• Most kids with single parents are living with their mother

Kathmandu, February 6

Sabita (name changed), 19, was filled with joy at the prospect of acquiring citizenship when she  went to apply for citizenship at Ward No 4 office of Dakshinkali Municipality recently. She thought she would finally be able to enjoy the rights the constitution granted every citizen once she acquired citizenship.

However, her hopes were dashed when she was required to mention her father’s name in the application form. Sabita, who has been living with her single mother, is unaware of her father’s name or whereabouts.

Similarly, Santosh Chaudhari, 20, of Chitwan lost his father and mother when he was five years old. “I am a married man now. I have a daughter, but when I went to enrol her in a school, the school refused to admit her as I hadn’t acquired her birth certificate,” said Chaudhari, adding that he couldn’t obtain her daughter’s birth certificate as he doesn’t have citizenship certificate.

Tulsi Lata Amatya, 62, of Gattigauda shares a similar plight. “I married a foreigner and made him live with me in my own country. My husband has been living with me by extending his visa for so many years. I obtained my children’s birth certificate, but they have still not been able to obtain citizenship.”

She also added that although both she and her husband lived in Nepal, her children — two daughters and a son — chose the citizenship of the Netherlands. “I have also been unable to transfer ownership of my property to my children due to the contradictory laws of the country,” she added.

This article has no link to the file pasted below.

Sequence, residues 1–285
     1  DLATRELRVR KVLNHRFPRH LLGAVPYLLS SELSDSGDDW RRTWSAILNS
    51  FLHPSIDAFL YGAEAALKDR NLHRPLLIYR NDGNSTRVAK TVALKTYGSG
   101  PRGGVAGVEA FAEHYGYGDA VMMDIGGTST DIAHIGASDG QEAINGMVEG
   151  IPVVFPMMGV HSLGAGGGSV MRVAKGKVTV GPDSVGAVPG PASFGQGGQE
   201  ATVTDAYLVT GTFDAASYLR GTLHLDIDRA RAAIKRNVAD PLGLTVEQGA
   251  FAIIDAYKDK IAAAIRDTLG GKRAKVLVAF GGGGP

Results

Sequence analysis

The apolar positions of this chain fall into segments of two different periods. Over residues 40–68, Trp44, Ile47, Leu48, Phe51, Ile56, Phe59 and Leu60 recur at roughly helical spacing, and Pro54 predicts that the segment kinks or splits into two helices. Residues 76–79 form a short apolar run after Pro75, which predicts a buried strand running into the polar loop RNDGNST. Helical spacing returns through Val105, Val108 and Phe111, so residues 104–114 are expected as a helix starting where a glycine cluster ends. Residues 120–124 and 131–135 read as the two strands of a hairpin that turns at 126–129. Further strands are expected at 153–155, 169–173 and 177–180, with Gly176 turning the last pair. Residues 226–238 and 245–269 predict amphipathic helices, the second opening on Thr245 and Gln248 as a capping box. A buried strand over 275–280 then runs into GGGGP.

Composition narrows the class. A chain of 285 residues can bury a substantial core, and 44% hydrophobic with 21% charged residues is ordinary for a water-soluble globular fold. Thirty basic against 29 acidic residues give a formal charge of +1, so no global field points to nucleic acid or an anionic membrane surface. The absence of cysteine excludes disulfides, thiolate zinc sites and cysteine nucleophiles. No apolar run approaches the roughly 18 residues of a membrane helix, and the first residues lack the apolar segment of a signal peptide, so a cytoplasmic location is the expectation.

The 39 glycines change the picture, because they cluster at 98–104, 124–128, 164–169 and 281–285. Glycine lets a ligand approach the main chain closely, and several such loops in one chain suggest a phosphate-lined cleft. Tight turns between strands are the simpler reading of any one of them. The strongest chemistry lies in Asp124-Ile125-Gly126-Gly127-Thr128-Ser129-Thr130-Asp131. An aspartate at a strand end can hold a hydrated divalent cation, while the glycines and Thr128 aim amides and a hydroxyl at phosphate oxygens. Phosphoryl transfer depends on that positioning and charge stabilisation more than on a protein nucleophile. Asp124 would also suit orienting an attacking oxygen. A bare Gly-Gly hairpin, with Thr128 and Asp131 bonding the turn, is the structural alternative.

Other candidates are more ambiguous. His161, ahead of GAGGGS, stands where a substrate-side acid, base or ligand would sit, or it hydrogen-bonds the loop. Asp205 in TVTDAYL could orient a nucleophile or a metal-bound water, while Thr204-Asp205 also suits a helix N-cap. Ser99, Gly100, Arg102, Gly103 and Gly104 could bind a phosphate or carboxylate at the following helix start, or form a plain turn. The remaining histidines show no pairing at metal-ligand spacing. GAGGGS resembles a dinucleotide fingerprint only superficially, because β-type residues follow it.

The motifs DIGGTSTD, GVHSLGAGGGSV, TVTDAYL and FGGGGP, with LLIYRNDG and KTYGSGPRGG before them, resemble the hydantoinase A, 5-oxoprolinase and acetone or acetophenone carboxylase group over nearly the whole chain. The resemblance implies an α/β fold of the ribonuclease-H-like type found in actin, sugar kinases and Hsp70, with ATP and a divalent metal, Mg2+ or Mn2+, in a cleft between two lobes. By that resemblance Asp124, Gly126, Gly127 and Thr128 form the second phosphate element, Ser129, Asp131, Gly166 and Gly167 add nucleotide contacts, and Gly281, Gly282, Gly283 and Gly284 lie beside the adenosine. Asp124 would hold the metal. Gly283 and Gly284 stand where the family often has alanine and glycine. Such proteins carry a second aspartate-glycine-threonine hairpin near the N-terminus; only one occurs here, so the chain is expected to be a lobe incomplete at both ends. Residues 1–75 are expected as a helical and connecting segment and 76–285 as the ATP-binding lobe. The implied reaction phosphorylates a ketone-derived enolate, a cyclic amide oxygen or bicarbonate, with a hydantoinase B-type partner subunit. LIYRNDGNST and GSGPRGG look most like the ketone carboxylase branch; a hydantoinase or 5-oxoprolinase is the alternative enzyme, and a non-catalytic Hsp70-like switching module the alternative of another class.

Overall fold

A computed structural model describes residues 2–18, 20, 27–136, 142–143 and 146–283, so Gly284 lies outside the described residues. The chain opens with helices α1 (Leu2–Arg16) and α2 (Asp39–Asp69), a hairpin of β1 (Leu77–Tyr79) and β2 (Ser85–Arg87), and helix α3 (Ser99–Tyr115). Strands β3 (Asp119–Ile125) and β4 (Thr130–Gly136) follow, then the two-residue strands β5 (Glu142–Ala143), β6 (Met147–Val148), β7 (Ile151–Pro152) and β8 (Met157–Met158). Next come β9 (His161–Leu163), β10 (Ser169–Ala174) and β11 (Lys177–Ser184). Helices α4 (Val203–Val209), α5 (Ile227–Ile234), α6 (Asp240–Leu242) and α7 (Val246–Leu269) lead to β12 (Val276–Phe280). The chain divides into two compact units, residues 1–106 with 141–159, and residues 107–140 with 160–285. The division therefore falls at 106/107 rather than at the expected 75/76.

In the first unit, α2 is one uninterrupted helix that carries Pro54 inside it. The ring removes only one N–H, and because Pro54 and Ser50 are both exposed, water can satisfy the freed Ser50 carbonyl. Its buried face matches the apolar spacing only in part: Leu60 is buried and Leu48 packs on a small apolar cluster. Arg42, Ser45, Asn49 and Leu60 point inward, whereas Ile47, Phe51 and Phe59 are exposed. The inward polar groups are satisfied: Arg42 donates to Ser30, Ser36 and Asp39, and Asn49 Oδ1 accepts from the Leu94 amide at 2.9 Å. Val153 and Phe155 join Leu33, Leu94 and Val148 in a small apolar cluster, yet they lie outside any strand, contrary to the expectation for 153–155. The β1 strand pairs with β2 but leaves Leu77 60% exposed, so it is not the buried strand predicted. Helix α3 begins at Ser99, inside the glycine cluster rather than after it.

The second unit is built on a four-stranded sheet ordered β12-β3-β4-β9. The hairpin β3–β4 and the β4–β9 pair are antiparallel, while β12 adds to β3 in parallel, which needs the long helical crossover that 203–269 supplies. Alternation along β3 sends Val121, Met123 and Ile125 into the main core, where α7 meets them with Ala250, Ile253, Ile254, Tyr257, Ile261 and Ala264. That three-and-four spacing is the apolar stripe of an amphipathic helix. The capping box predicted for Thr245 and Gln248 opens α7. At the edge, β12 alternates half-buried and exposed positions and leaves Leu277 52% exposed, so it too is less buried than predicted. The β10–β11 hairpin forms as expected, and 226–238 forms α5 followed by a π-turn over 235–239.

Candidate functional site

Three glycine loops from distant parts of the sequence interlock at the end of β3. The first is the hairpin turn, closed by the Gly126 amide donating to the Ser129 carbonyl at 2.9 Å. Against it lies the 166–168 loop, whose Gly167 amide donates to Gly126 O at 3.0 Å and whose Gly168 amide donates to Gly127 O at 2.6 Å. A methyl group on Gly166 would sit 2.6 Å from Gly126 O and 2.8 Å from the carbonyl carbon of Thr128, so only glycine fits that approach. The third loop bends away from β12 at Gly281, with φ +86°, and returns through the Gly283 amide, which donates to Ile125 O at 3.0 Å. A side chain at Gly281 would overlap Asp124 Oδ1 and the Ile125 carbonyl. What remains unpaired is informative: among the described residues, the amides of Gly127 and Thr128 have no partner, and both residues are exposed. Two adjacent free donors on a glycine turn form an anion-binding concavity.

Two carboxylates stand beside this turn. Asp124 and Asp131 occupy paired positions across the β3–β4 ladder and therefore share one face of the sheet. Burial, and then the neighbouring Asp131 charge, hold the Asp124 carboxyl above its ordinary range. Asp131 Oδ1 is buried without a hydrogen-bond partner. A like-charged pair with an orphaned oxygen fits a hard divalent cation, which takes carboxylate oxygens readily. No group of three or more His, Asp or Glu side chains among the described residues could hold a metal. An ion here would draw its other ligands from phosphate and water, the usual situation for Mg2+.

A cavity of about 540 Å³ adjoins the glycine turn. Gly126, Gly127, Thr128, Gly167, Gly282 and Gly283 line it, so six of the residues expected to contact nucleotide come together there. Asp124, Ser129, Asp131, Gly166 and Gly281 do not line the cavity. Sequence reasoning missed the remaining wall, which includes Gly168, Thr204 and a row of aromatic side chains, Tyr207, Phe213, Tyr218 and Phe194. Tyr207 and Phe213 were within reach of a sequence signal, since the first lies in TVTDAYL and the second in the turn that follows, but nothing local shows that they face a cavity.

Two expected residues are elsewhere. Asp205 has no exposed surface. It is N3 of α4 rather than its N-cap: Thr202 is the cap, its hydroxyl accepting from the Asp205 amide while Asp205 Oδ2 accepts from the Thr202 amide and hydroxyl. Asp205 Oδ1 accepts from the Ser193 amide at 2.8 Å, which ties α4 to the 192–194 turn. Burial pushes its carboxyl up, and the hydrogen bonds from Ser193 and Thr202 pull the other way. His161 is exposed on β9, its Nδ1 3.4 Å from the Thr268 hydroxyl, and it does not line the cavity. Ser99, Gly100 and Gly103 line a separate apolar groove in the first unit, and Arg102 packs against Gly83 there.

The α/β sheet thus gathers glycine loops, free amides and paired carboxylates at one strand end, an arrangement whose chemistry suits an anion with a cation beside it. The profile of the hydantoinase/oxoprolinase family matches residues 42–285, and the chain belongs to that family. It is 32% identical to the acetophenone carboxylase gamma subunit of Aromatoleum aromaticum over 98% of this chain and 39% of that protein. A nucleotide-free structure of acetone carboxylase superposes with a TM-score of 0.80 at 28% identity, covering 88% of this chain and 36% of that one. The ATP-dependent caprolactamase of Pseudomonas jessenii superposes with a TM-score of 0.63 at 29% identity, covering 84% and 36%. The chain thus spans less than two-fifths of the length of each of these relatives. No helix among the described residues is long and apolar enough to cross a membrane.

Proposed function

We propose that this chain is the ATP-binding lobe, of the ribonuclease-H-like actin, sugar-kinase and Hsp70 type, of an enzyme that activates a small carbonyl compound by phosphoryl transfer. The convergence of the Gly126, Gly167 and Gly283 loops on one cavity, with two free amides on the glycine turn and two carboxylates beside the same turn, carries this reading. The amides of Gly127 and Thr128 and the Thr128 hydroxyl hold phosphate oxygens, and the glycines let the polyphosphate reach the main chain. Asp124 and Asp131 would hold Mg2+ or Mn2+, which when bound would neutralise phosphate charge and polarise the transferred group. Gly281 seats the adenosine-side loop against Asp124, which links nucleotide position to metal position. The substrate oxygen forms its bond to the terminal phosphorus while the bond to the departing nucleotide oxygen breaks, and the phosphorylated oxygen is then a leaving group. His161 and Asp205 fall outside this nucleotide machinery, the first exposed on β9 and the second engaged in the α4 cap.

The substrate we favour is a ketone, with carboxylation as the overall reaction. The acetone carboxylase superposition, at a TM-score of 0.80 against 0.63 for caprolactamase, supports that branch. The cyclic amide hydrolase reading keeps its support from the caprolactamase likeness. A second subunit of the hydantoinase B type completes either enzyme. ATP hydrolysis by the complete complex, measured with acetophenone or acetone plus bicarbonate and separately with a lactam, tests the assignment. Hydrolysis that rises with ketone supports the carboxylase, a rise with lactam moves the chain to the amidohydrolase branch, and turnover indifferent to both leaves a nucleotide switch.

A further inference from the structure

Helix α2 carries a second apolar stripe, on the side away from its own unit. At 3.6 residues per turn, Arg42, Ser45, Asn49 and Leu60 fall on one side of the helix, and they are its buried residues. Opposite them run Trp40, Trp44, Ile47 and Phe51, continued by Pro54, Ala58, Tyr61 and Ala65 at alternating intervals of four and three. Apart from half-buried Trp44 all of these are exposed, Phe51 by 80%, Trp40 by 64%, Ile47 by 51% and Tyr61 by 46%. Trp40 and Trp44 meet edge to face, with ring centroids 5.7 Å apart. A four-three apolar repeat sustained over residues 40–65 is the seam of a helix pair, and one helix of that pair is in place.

Sabita and Santosh are just representative of thousands of people, who have been denied citizenship by the state. According to Central Bureau of Statistics, every year nearly 700,000 children reach the age of 16 years when they are eligible to acquire citizenship.

However, only 400,000 children above the age of 16 years acquire citizenship, according to the Ministry of Home Affairs.

Likewise, one million children below the age of 16 years do not have both living parents. Of them, 900,000 children live with their mothers.

Sabin Shrestha, an advocate, said the majority of children with single parent were living with their mother.

“The citizenship provision in the constitution discriminates against women. Women have not been given equal rights as men. A mother cannot transfer citizenship to her children without disclosing the identity of her husband. This has deprived a lot of people of citizenship,” added Shrestha.